The Use of Resistance Training in the Prevention and Treatment of Osteoporosis in the Elderly.
The Use of Resistance Training inthe Prevention and Treatment of Osteoporosis in the Elderly Alicia Jackson
Outline• What is osteoporosis?• What causes it?• Who is affected and at risk?• How is it diagnosed?• What are the signs and symptoms?• What are prevention and treatment methods?• How does resistant training have a positive impact?• What do we need to consider when advising resistance training?• Conclusion
What is Osteoporosis?Osteoporosis is the decrease in bone density that enhances bonefragility and increases the risk of fractures and falls in the elderly• Type 1: Related to vertebrae and distal radius fractures effecting women 8x more than men.• Type 2: found in 70 year old and above: hip pelvic and distal humerous fractures - 2 x more common in women than men. 1 The difference between a normal and osteoporotic bone 2
Possible Causes• Inadequate physical activity - decrease in bone mineral density• Diet• Previous chronic disease or injuryIn the hormone-related condition:• Hyperthyroidism: low blood level of thyroid stimulating hormone• Diabetes mellitus• Particular gene LRP5: may play a role inhibiting release of serotonin by cells of the gut. Because Serotonin inhibits osteoblast growth, reducing serotonin synthesis, increases bone density. 3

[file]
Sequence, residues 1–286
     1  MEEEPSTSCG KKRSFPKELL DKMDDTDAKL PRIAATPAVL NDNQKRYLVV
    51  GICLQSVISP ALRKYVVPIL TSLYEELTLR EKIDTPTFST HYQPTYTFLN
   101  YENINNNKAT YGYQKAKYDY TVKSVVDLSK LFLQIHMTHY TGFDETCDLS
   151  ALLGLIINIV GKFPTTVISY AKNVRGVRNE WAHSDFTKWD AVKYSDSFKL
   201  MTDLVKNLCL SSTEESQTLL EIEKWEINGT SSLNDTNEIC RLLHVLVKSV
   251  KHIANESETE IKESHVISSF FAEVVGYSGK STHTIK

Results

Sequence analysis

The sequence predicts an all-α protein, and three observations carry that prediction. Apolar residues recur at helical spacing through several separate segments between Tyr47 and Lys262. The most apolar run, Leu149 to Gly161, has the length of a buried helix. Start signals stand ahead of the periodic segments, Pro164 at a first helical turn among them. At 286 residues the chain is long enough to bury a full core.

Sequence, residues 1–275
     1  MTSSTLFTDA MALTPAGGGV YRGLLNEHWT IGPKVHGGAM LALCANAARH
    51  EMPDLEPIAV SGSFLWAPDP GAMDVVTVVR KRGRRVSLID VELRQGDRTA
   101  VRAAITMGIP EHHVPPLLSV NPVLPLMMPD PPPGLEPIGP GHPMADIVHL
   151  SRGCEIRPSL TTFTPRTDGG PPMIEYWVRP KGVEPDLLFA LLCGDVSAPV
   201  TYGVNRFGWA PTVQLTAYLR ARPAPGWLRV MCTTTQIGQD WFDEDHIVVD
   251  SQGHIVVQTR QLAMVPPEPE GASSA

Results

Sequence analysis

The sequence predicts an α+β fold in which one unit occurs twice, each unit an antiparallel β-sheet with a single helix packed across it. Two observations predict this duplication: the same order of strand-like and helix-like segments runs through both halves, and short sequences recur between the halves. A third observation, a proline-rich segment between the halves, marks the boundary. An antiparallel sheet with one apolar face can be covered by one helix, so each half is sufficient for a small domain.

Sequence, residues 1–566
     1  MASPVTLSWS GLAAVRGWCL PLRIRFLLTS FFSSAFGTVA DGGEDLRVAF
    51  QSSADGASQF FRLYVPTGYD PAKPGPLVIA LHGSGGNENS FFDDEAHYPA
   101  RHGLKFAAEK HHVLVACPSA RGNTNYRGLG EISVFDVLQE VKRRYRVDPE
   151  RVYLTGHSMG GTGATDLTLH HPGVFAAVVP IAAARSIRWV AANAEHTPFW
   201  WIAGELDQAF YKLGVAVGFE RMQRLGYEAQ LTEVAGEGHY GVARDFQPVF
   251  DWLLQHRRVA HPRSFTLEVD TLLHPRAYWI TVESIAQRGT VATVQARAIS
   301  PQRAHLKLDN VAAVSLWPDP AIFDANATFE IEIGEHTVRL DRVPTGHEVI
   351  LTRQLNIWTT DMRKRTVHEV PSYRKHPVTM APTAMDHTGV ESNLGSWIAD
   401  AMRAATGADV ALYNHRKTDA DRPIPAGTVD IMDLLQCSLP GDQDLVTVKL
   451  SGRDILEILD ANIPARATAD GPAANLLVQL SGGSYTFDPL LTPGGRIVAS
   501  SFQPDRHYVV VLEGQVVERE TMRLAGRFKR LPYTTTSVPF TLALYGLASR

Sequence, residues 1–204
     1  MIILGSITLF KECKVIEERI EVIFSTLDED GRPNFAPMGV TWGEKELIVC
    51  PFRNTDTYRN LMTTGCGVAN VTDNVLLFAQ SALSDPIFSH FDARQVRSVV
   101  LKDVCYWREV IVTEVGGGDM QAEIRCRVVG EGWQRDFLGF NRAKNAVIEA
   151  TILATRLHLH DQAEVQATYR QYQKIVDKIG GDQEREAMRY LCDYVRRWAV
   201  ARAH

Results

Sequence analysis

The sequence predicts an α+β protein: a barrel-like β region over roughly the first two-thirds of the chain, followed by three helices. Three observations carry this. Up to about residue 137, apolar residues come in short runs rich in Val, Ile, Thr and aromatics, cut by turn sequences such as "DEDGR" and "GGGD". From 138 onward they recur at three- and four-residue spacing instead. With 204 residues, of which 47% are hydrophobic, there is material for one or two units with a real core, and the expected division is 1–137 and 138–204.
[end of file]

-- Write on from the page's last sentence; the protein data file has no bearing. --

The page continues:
Risk FactorsInherited Factors Environmental FactorsCaucasian or Asian Below normal weightFemale Loss of menstrual functionOsteoporotic fracture in the first degree relative Low calcium or vitamin D intakeHeight <170cm InactivityWeight < 58kg Prolonged corticosteroid use Smoking Excessive alcohol intake Caffeine 4
Risk FactorsThe risk of osteoporosis increases with ageAbout 3.4% of Australians have osteoporosis. More than eight out of 10 of these people are females andmost are aged 55 years and over (Figure 1). 5
Diagnosis• GP will conduct an assessment of the risk factors• A bone density test Dual-energy X-ray Absorptiometry; (DXA) will be performed. 6 7 Bone Density Scanner
Signs and Symptoms Peak bone mass: the highest amount of bone mass achieved in life. Maximal bone mass: the highest bone mass that could be possible achieved through life – this is effected by genetics and also physical activity, dietary intake and hormone regulation. 4